How To Make Twitter Work For You


April 3, 2012 | By: Adrian

As social media goes, Twitter provides the most pronounced sink or swim moment: first-time users of Twitter either get it immediately or need to spend a year of significant use learning how it works.  

We want to help speed up the learning curve. If you already get Twitter, you probably already know how to best leverage its system–but like many networking tools, there’s always something more to learn.

The best way to explain Twitter to the uninitiated is to compare it to Facebook. Twitter is best for networking with people while Facebook is best for staying in contact with those already in your network. Keep this in mind; you’re always trying to make a good first impression on Twitter.

Tips To Make Twitter Work For You

Get your profile perfect. This is your elevator pitch. Introduce yourself and elude to what type of content you are going to tweet about. A lot of folk will decide whether to follow you or not based on what you put here. Take the time to get it right.

Instead of writing a Tweet, write a headline. Early on, it’s easy to stumble over the 140 character limit. That’s why it’s best to think of a Tweet as a short and sweet introduction to whatever you are linking to (this obviously doesn’t apply to quotes or deep thoughts; those stand for themselves).

Don’t try to sell. The only way to get sales through Twitter is to not actively sell. Show your expertise. If you are in real estate, share links to articles about the shifts in the market. If you’re a lawyer, tweet links to interesting cases.

Interact with your followers and the people you follow. While a decent percentage of your tweets should focus on the tips mentioned above, the rest should focus on other users. If they ask a question, answer it. If they tweet something that makes you laugh, tell them about it. And above all, retweet everything you find interesting. Upwards of half your tweets should be retweets of other people.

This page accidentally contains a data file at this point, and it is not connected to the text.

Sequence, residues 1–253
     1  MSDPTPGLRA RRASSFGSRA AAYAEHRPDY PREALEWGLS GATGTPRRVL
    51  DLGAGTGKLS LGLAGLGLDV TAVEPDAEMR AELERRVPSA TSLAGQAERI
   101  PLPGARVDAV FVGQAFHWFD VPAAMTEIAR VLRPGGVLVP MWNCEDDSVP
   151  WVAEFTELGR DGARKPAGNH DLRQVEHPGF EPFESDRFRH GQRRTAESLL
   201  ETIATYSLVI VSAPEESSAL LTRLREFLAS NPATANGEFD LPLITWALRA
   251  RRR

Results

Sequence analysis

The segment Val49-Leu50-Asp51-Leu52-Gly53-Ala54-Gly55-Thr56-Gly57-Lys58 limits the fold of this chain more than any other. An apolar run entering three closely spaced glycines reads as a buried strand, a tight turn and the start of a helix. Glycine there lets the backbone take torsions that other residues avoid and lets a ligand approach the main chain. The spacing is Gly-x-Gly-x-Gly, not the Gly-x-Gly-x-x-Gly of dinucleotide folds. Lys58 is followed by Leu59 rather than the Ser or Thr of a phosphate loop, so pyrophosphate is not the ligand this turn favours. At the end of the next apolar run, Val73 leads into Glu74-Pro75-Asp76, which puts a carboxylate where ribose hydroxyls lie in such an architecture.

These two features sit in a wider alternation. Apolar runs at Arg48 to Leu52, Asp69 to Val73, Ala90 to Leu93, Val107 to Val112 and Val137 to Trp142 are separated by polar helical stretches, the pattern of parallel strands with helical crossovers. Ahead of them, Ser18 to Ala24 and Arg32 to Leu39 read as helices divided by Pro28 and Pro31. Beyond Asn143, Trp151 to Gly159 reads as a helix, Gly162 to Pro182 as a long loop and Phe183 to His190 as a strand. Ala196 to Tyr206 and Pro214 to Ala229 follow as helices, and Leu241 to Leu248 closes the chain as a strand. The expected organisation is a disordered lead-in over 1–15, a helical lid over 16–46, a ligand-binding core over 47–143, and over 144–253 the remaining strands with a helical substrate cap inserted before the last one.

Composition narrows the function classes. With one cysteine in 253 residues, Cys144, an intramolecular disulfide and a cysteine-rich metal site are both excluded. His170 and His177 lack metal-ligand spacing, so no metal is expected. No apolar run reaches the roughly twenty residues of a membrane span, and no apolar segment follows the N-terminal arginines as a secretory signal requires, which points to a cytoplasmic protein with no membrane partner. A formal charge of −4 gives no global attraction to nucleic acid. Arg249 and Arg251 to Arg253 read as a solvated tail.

Create Lists. It’s impossible to keep a thousand different people that you follow straight. Create lists and treat them the same as verticals; it will save you time in the long run. Users that maintain good lists get added to other people’s lists and it becomes the most effective way to gain traction.

Keep track of what works and what doesn’t. Maintaining data is key for Twitter. Keep track of what times in the day you get the most traction and the voice in which you write your Tweets that is the most effective. Get a web app to manage your Twitter account (we like Buffer) and pay attention to your analytics and adjust your strategy accordingly.

Variety is the spice of life. Every once in a while, tweet about something off topic. It shows depth and reinforces that a person is tweeting, not a machine…which, by the way, is the worst thing you can do tweeting. Let your personality shine through or your voice will be washed out by the white noise that perpetually threatens to take Twitter over.

Tweet often. You don’t need to tweet every five minutes, but ten to twenty a day is good. And don’t be afraid to reshare links (as long as you rewrite the verbiage of the tweet). There is such a constant flow of information on Twitter that it won’t come across as spam.